It was against a backdrop like this that in 1970 the Society for Community Organisation — SoCo — emerged as a catalyst to mobilise people to struggle for their rights. It organised the Taihangtung’s People’s Committee with 30 representatives from the 14 blocks. Most were squatters left homeless after a fire in 1953 — fires in old tenement blocks are very common. And another disaster in 1973 — a severe rainstorm that left many homeless — also spurred the formation of the People’s Committee.

In the early days they concentrated on immediate problems: the renovation of toilets or of leaking roofs. But while most of the actions produced concrete results, in the words of SoCo, ‘the consciousness of the people was short-lived’. From sporadic forays into action most of the residents retreated into hopelessness and apathy.

The reasons were not difficult to find. Mobilising people for much needed improvements is far easier than stimulating an awareness of the causes of their problems. This is particularly true in Hong Kong where there is not even a facade of democracy or of people’s participation in decision-making. If the living and working conditions are often Dickensian the political structures are likewise a relic of nineteenth century colonialism.

The administration can at best be described as paternalistic. The government is essentially that of a caretaker — but one bent on securing the maximum financial gain before the 99-year lease from China on the New Territories runs out in 1997. In the interim, political democracy remains a pipe dream and attempts to pressure government towards greater social justice are viewed by officialdom with suspicion or hostility.

Despite these difficulties the People’s Committee continues to campaign for the rights of the Taihangtung residents. Though still dealing with urgent problems they have shifted the focus ‘from self-interest to social concern.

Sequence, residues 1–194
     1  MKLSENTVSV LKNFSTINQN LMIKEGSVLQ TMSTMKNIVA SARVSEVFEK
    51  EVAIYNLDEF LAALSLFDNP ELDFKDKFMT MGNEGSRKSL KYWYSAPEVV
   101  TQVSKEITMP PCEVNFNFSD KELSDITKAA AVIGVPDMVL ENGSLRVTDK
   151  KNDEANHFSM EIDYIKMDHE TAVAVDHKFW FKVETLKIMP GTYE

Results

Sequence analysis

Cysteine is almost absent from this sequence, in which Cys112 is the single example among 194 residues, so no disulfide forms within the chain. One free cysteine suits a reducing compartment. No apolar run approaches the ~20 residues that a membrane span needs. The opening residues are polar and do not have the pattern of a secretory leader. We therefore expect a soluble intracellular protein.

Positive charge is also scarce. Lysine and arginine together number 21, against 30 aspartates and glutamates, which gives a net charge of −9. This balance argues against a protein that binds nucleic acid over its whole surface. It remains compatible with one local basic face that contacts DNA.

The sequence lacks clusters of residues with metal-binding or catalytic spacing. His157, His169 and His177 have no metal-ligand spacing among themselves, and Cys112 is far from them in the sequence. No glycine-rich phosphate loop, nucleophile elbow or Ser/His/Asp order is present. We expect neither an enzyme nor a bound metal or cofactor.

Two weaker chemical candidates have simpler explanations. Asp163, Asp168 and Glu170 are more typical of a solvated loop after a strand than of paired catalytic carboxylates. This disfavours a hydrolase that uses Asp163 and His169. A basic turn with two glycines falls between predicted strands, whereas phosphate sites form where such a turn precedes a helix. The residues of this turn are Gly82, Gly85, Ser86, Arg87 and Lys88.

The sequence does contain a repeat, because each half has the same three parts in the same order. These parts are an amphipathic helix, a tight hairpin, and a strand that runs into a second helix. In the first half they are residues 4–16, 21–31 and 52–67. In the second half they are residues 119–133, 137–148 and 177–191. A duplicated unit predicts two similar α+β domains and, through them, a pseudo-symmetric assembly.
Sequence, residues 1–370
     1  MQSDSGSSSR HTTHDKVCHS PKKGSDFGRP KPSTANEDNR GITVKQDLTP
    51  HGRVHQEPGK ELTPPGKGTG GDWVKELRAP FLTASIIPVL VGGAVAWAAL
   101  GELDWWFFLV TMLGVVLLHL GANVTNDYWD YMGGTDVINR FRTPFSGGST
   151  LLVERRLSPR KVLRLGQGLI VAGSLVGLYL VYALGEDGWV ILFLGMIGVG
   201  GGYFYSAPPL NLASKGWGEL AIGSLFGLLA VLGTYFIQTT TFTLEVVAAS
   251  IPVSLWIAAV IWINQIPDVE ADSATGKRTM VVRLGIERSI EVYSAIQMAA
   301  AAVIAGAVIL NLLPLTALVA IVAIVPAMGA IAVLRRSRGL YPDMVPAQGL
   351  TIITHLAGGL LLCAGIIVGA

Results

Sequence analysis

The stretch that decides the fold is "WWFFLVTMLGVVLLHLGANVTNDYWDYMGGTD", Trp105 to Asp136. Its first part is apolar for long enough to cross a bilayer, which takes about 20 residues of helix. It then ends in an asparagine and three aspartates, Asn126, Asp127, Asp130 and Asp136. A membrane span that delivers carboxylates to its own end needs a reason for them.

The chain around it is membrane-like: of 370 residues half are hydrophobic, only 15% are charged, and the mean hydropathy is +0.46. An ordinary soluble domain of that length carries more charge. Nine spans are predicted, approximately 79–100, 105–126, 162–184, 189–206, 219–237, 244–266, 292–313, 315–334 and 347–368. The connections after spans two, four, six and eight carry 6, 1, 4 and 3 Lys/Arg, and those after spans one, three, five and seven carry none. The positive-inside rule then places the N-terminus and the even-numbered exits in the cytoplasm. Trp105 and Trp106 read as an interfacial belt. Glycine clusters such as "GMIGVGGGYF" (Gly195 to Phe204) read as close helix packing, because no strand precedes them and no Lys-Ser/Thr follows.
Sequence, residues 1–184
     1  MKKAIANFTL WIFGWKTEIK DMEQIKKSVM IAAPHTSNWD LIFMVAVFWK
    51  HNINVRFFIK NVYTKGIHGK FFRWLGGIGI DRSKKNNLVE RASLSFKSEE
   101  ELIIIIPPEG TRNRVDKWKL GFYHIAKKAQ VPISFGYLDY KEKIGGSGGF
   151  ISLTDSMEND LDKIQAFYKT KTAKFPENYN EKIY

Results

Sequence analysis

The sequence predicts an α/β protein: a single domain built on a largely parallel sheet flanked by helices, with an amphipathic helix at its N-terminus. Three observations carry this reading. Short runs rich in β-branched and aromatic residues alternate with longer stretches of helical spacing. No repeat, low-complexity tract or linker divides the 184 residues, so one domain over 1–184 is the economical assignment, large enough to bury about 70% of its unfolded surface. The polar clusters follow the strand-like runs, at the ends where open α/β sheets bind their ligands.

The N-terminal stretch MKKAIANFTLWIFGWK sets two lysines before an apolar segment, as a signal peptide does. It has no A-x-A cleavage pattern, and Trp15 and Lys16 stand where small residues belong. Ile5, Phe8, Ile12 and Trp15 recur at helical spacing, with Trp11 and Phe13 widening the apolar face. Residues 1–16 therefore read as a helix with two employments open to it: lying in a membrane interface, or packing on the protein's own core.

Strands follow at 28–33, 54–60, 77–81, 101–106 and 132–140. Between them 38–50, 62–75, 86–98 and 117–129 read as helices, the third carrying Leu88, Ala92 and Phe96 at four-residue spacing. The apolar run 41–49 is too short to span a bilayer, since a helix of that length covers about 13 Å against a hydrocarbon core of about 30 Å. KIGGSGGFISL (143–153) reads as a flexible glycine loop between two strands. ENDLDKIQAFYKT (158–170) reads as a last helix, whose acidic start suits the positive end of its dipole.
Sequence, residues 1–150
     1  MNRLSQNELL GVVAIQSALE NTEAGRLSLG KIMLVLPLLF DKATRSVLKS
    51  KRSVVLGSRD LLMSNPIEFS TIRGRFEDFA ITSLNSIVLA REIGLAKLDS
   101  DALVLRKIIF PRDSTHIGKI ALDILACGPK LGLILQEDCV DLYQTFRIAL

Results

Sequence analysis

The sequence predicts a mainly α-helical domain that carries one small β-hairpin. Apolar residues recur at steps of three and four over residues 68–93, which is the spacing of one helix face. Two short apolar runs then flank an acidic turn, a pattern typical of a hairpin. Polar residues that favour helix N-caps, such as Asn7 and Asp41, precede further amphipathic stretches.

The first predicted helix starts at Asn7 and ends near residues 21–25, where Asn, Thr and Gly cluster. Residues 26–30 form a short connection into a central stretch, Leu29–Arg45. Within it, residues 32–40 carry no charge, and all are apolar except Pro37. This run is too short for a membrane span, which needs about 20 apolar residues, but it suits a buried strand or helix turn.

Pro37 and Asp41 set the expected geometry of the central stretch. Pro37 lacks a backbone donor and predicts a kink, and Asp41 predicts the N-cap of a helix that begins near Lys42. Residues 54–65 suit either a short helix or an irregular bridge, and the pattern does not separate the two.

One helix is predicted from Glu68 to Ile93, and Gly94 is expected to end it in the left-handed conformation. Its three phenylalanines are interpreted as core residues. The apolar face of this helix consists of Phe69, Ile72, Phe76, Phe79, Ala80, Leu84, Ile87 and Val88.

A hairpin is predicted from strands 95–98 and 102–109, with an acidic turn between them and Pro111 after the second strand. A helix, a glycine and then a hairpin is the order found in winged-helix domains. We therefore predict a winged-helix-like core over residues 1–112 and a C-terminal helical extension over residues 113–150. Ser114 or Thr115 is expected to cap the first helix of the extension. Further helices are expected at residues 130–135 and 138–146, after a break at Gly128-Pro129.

‘I realised’, says Tsui, their chairman, ‘that it was relations with people — with their feelings, sufferings and happiness — that makes life interesting and hopeful.’

Now there is an analysis of overall community problems — poverty, health, old age. And residents have formed a variety of groups to tackle them.

The health group, formed in 1978, deals not only with physical and psychological well-being but with social health and the need to change the dangerous environment. Its leaders have been trained as para-medics to advise on nutrition and hygiene and to treat common ailments and diseases.

A labour group advises on labour law and takes action on labour-related problems. The editorial group has started a community newspaper Voice of Taihantung with some 6,000 copies distributed free each quarter to every family on the estate.

A group for the aged has also been formed — they comprise around a fifth of the community — and residents are particularly sensitive to those who are left unattended.

The environment improvement group supervises housing management and works with housing officials on problems related to repair and maintenance — a dialogue that is seen as a particularly important breakthrough. ‘It is encouraging to the residents’, says one SoCo workers, ‘that after so many years of negotiation and struggle they are now able to talk with government officials on an equal footing.’

A 22 year old garment worker captures the spirit of Taihangtung: ‘I’m not the smart type. But the People’s Committee has helped by giving me responsibility. I know that I have messed up many tasks, but still they accept me — and for that I am satisfied.’

Eileen Sudworth is based in Sydney with the Asia Partnership for Human Development which, through SoCo, has assisted the Taihangtung People’s Committee.

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New Internationalist issue 106 magazine cover This article is from the December 1981 issue of New Internationalist.